“The Birth of Christ is the eucatastrophe of Man’s history. The Resurrection is the eucatastrophe of the story of the incarnation. This story begins and ends in joy. It has pre-eminently the ‘inner consistency of reality’. There is no tale ever told that men would rather find was true, and none which so many sceptical men have accepted as true on its own merits. For the Art of it has the supremely convincing tone of Primary Art, that is, of Creation. To reject it leads either to sadness or to wrath.” (On Fairy Stories).
The present troubles ought to turn our minds back, not to the Spanish Flu, but to the humans race’s rejection of Jesus. And once our attention is there we can see that this death was not primarily about humans rejecting God (although that was part of it), but about God making it possible for humans to escape judgement and to become his friends. Indeed his children. It was, if you like, the averting of the ultimate catastrophe in favour of rebellious humans being drawn into the love and life of God himself.
Rebuke All Evil
When Peter’s mother-in-law had a coronavirus like “high fever” Jesus “rebuked the fever and it departed from her” (Luke 4:38-39). This language matches both the description of Jesus casting out demons (Luke 4:35, 41, 9:42) and his stilling the storm (Luke 8:24). The language of “departing” is translated as “release” in Christ’s synagogue sermon in Nazareth (Luke 4:18). Those held captive by demons and illness and panicked by uncontrollable natural forces are being liberated by the irresistible authority of the Son of God. We all know that coronavirus, and any other disease, is no match for Jesus. Yet even amongst Christians, fear and anxiety remain over an uncertain future. What are we missing?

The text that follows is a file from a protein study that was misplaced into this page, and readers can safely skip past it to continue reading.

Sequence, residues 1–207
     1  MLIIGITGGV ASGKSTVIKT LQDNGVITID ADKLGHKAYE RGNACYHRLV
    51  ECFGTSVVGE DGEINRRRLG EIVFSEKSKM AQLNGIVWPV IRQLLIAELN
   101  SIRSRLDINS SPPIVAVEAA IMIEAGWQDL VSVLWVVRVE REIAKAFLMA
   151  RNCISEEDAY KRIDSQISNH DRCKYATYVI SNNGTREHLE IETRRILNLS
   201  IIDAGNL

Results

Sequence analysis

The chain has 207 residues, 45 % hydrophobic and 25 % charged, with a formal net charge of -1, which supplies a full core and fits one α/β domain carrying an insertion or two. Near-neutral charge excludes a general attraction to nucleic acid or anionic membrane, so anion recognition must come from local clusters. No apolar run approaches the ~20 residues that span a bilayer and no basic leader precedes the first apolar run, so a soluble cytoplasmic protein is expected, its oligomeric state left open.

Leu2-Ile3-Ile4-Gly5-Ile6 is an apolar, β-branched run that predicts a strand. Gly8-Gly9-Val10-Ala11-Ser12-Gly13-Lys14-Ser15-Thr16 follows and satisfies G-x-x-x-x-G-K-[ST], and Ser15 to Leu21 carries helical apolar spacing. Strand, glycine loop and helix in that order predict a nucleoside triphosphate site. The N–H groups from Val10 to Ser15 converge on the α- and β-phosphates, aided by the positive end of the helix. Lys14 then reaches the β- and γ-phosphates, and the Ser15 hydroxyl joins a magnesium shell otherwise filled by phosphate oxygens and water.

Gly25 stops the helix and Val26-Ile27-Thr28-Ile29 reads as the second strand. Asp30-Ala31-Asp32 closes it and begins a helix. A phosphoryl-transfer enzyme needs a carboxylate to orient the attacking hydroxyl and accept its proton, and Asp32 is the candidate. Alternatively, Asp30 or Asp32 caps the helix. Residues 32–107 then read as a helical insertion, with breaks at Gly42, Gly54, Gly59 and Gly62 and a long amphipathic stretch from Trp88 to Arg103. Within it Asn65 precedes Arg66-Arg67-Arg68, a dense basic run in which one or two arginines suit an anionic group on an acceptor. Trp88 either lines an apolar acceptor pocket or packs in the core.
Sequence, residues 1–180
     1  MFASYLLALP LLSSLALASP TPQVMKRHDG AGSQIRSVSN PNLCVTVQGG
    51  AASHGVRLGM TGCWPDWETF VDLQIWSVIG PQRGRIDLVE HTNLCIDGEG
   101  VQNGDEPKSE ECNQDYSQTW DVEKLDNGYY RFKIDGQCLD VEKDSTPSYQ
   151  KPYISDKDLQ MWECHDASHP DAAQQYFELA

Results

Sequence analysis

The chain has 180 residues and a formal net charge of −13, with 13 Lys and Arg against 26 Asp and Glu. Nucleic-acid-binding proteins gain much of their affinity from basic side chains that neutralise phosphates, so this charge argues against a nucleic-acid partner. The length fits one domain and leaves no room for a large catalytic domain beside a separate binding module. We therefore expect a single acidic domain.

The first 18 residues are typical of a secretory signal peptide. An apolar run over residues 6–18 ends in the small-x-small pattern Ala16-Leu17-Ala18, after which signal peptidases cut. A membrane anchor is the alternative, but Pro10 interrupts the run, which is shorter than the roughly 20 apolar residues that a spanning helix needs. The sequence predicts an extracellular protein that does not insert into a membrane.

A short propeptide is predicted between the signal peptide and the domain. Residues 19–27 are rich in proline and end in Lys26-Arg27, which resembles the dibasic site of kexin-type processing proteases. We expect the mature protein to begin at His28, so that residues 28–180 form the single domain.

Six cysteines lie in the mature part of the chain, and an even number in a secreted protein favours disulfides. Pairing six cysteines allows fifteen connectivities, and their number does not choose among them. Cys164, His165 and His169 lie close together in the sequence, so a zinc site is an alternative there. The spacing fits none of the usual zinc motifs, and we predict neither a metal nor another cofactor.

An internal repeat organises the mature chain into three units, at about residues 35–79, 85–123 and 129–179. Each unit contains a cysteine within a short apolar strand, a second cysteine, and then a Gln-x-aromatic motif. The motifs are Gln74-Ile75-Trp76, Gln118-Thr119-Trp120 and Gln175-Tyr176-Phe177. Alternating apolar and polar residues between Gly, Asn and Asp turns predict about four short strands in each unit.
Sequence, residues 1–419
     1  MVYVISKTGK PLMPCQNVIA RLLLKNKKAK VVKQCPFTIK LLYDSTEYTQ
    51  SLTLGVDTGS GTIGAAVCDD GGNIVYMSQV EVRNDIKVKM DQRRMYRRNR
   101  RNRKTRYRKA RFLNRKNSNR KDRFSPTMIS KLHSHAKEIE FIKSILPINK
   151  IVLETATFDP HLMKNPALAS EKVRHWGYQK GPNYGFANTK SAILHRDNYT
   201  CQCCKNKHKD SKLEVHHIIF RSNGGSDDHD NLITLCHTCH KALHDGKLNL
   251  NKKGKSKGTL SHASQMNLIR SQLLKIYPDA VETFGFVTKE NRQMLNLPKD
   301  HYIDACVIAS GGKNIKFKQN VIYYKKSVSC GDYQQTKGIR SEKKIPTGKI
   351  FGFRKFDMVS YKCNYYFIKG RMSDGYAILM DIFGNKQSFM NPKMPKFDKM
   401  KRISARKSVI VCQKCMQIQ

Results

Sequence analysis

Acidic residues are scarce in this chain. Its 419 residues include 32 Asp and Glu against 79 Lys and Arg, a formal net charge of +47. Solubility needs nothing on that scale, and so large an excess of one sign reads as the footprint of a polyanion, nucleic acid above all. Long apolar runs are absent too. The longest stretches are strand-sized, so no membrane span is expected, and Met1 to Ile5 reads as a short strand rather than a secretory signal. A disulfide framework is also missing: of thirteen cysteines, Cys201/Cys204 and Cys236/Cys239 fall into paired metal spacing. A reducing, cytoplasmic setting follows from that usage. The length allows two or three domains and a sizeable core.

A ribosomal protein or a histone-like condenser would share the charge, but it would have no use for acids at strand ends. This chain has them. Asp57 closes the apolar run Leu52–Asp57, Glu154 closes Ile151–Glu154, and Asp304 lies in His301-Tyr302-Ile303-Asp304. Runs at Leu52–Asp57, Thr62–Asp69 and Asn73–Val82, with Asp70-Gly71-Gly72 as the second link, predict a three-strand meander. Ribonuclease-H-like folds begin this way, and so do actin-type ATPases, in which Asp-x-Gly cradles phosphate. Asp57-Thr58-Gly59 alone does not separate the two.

Firstly, a personal encounter with the unlimited power of the Holy Spirit. As the breath of God’s mouth, the Spirit created the world and holds it in being (Ps 33:6). It was the Spirit-wind (Ex 14:29) who divided the Red Sea enabling Israel to escape Egypt to the destruction of their enemies. Through taking Jesus to the cross the Spirit (Heb 9:14) cancelled our guilt and laid the foundation for the “destruction of him who has the power of death, the devil” (Heb 2:14-15) It was the Spirit who raised Jesus from the dead (Rom 8:11) establishing and announcing the Lord’s triumph over death as the “last enemy” (1 Cor 15:26).